The cultivation of oil palms in Colombia impacts economically, socially and ecologically the populations and the territories. In Isla de Papayal, a former cocaine trafficking site, militias have destroyed the land allocated to the inhabitants to pave the way for large landowners. The public representatives are absent and the militias take the law into their own hands: shooting, cutting up…

Only NGOs try to support the locals in the constitution of a resistance collective, helped by foreign subsidies. They note that the children of the village are poorly fed, that the families no longer have any agricultural income and that their survival depends on public assistance.

The future of the palm oil industry

All over the world, the palm oil industry is accused of accelerating deforestation and of destroying the livelihoods of local populations. On the contrary, its defenders point out its economic virtues in terms of development and job creation.

They argue that its bad image is maintained by the American soy lobby. They point out that for the same cultivated area, the palm tree produces five times more oil.

To make matters worse, Europe, with its Red II directive, has excluded palm oil from the list of transitional biofuels. Indonesia has appealed to the World Trade Organization for the discriminatory nature of the text, and Malaysia has followed suit.

However, major players are already planning to remove palm oil from their future strategy, such as the Total group, which plans to withdraw from this alternative resource within 18 months. For this energy giant, palm oil maintains its image as an environmentally destructive company. At its French site in Châteauneuf-lès-Martigues, the company imports 300,000 tons of Asian oil annually to produce its biofuel and indirectly contributes to the disappearance of the equatorial forest. According to the NGO Transport & Environment, biofuels made from this oil are more harmful than diesel from fossil fuels. And the scarcity of arable land encourages the use of food crops.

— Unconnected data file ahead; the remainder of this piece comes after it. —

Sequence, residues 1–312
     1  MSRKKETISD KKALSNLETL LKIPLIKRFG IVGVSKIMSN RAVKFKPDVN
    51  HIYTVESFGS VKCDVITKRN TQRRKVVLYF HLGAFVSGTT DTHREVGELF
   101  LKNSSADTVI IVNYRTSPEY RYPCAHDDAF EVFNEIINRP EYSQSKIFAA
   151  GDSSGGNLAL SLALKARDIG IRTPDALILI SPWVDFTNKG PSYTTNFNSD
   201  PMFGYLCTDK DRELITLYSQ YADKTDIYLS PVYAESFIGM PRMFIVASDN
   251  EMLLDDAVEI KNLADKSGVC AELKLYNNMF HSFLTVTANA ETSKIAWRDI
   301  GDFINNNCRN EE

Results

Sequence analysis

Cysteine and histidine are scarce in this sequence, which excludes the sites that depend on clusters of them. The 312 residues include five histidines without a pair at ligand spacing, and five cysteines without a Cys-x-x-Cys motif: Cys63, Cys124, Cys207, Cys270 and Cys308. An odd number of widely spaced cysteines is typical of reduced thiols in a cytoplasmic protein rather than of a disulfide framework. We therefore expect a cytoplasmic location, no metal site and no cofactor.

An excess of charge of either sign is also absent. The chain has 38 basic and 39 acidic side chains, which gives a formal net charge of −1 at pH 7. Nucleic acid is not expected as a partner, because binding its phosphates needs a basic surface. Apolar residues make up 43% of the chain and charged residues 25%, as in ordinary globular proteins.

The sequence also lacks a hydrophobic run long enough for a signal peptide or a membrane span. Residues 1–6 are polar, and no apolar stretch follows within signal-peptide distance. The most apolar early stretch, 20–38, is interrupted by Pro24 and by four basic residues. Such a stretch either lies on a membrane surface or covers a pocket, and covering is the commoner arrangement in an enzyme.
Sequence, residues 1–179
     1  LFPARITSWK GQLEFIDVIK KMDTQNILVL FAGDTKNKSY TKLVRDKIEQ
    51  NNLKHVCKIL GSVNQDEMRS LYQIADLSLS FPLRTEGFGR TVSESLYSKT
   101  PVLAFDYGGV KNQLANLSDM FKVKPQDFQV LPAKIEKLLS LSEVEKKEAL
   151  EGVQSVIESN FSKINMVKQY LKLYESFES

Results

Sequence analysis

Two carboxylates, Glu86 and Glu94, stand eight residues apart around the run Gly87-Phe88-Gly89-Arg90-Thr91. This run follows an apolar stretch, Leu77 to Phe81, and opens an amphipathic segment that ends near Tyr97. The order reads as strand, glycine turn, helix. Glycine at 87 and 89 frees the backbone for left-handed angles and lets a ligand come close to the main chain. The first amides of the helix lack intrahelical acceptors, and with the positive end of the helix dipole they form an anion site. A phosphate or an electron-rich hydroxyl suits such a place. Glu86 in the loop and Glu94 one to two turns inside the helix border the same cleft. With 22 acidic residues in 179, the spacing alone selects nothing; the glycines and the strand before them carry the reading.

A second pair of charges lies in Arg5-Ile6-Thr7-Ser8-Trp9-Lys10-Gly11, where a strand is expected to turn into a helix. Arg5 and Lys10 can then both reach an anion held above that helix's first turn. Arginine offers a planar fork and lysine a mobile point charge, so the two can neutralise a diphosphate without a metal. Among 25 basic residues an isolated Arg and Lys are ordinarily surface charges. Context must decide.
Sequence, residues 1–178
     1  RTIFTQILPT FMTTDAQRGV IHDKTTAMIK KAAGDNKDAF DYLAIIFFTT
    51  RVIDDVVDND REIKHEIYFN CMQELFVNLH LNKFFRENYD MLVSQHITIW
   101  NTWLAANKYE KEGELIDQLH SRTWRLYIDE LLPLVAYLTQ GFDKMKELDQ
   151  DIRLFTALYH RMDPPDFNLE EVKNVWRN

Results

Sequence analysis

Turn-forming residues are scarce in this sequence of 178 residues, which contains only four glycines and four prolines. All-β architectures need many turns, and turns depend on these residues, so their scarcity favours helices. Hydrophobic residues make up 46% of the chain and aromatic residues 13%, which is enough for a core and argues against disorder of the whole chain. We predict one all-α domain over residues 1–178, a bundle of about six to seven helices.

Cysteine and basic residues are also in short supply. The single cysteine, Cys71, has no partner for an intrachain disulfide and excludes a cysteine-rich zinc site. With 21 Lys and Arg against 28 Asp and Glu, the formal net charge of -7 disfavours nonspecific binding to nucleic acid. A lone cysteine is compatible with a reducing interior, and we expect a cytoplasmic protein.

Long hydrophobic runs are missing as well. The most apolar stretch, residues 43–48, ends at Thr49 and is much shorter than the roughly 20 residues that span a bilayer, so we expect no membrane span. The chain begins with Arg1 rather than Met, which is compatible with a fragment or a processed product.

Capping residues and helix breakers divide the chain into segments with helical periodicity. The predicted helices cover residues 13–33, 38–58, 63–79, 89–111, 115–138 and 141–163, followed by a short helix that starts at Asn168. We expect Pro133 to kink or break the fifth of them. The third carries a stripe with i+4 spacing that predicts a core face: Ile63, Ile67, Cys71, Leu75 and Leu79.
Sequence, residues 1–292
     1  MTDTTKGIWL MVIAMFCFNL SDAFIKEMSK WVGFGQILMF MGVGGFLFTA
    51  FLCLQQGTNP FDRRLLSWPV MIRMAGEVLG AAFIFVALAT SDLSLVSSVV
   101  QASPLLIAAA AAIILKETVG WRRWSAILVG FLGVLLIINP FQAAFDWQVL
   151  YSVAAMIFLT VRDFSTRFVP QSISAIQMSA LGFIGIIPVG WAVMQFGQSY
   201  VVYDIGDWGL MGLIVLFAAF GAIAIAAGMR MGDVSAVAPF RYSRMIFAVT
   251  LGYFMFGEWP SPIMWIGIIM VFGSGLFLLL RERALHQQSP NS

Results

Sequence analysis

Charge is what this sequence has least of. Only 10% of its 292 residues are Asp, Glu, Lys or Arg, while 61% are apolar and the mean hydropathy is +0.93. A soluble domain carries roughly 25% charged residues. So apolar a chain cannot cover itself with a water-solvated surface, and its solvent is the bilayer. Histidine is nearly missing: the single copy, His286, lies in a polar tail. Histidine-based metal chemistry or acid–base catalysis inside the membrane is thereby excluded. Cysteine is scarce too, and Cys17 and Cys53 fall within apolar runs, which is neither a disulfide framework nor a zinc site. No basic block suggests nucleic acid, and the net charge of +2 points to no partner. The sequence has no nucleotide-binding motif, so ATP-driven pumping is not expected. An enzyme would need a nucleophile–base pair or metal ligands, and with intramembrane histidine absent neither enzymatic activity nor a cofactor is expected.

Even in the food industry, manufacturers are trying to replace palm oil with other oilseeds.  They use, for example, sunflower oil in spreads, cocoa butter in chocolate, olive oil in pizza, etc.

By publishing its ranking of good and bad students, the NGO WWF hopes to push industries to make a faster transition to palm oil substitutes. It points the finger at the chocolate industry or the cosmetics sector which, according to it, does not adopt an environmental protection strategy in their choice of manufacturing processes. Out of 227 companies – Carrefour, IKEA, L’Oréal, McDonald’s, Nestlé and Walmart – questioned about their initiatives and actions to limit the environmental degradation of this crop, only 85 responded.

The best students buy their oil from certified producers and implement local actions to protect natural areas or by investing directly in the farms.

For chocolate manufacturers, it is imperative that the sustainable strategy initiated a few years ago on the raw material cocoa also applies to palm oil, which constitutes the bulk of the finished product.

There is still little sustainable exploitation of this crop and the demand remains strong: the most consumed oil, its production has increased from 5 million in 1980 to 75 million in 2020. The low cost of production and its food qualities make it difficult to replace.

An alternative vegetable oil

However, two Canadian researchers claim that it is possible to replace palm oil, which is omnipresent in the food industry. They have developed a sustainable substitute. Alejandro Marangoni is a professor of food science at the University of Guelph (Ontario) and Reed Nicholson is a PhD student.

They developed a vegetable oil from cottonseed and peanuts. It remains solid at all temperatures. This innovation could replace palm oil in many food products. The stakes are high, as palm oil is present in 80% of food products and is also found in some cosmetics.

The use of this new vegetable oil would also reduce the level of saturated fats in the diet and reduce health risks.

Source : Commodafrica, Le Monde, Les Echos, Global Goodness